Tuesday, 25 November 2014

Will oil price stay “low”?

If the new consensus is right, the era of a triple-digit oil price is over

Oil price has fallen to around $80 per barrel from its peak of $115 in mid-June. While the new price is not particularly low by long historical standards, it does seem low in comparison with the recent past given that it had stayed above $100 for most of the three and a half years prior to the fall. So is the recent sharp fall a result of temporary factors or a reflection of deeper fundamental forces in the oil market?

A new consensus has emerged arguing that a below $100 price is the new norm. The view suggests that changes in the landscape of the global oil market—particularly on the supply side—are leading to a lower equilibrium price, estimated to be in the range of $80-90 per barrel. This view is based on three propositions about the market over the next few years.

1. The US oil production will continue to grow, mostly due to shale oil. The shale revolution is reducing the US reliance on imported oil, creating oversupplies elsewhere. While this process has started in the mid-2000s (see the chart), other factors were at play keeping global oil price high (demand from China and other emerging markets, supply disruptions in the Middle East and so on). With these factors receding, the continuous growth of shale oil is expected to keep oil price lower than in recent years.

2. Shale production will still be profitable at the new equilibrium price range. Shale oil is costlier to extract, but the process is becoming more efficient. While there is a great deal of uncertainty about the minimum price at which the extraction of shale oil is profitable for producers, the new consensus suggests that it could be around $80. This means that at the new equilibrium range of $80-90, shale oil is expected to continue growing, although at a slower pace than in the last few years. Only a sustainable drop of oil price below $80 would make some shale investments not viable leading to production cuts.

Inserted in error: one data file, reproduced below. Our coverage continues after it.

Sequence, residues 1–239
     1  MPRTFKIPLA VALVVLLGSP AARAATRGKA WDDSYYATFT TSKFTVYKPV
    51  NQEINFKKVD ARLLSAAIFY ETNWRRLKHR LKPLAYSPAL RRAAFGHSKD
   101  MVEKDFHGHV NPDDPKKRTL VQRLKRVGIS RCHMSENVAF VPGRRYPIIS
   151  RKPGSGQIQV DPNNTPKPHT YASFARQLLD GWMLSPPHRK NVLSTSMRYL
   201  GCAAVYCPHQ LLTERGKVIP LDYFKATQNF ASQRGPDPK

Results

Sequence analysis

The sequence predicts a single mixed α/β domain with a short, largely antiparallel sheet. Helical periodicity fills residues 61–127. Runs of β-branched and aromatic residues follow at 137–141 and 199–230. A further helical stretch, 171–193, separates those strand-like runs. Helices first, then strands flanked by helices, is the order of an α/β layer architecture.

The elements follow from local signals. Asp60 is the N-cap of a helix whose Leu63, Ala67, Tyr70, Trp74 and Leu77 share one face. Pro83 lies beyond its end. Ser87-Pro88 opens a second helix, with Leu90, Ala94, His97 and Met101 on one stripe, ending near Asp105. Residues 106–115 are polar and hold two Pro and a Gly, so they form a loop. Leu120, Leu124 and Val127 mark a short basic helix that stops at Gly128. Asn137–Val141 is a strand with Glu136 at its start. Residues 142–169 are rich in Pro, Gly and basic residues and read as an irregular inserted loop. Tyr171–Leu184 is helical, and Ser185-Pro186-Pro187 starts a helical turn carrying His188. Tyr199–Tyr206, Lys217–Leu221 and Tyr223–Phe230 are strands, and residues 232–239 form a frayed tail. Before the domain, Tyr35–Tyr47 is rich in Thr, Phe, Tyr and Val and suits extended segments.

3. There will be no supply shocks (positive or negative) from the Middle East. The new consensus assumes modest production growth in Iraq (0.2m b/d each year) and a stabilisation of Libyan production at around 0.7m b/d. It also assumes no production growth in Iran.

Given these assumptions, the new consensus expects oil to trade mostly around its equilibrium range of $80-90, with possible temporary deviations due to the occasional build-up of inventories or exceptional weather conditions.

There are risks to this view. On the downside, further decline in shale production costs or a lifting of the sanctions on Iran could result in more global supply and a further decline in price. On the upside, supply disruptions in Iraq or Libya could lead to a higher price, as could an aggressive reaction by OPEC to the price fall.

OPEC is meeting on 27 November and observers are evenly split about the likelihood of a production cut. But even if the organisation surprised with a production cut, it is not clear if its action would be enough to turn the tide caused by the shale revolution. If the new consensus is right, the era of a triple-digit oil price is over.

Tuesday, 16 September 2014

Iraqi oil from propaganda to reality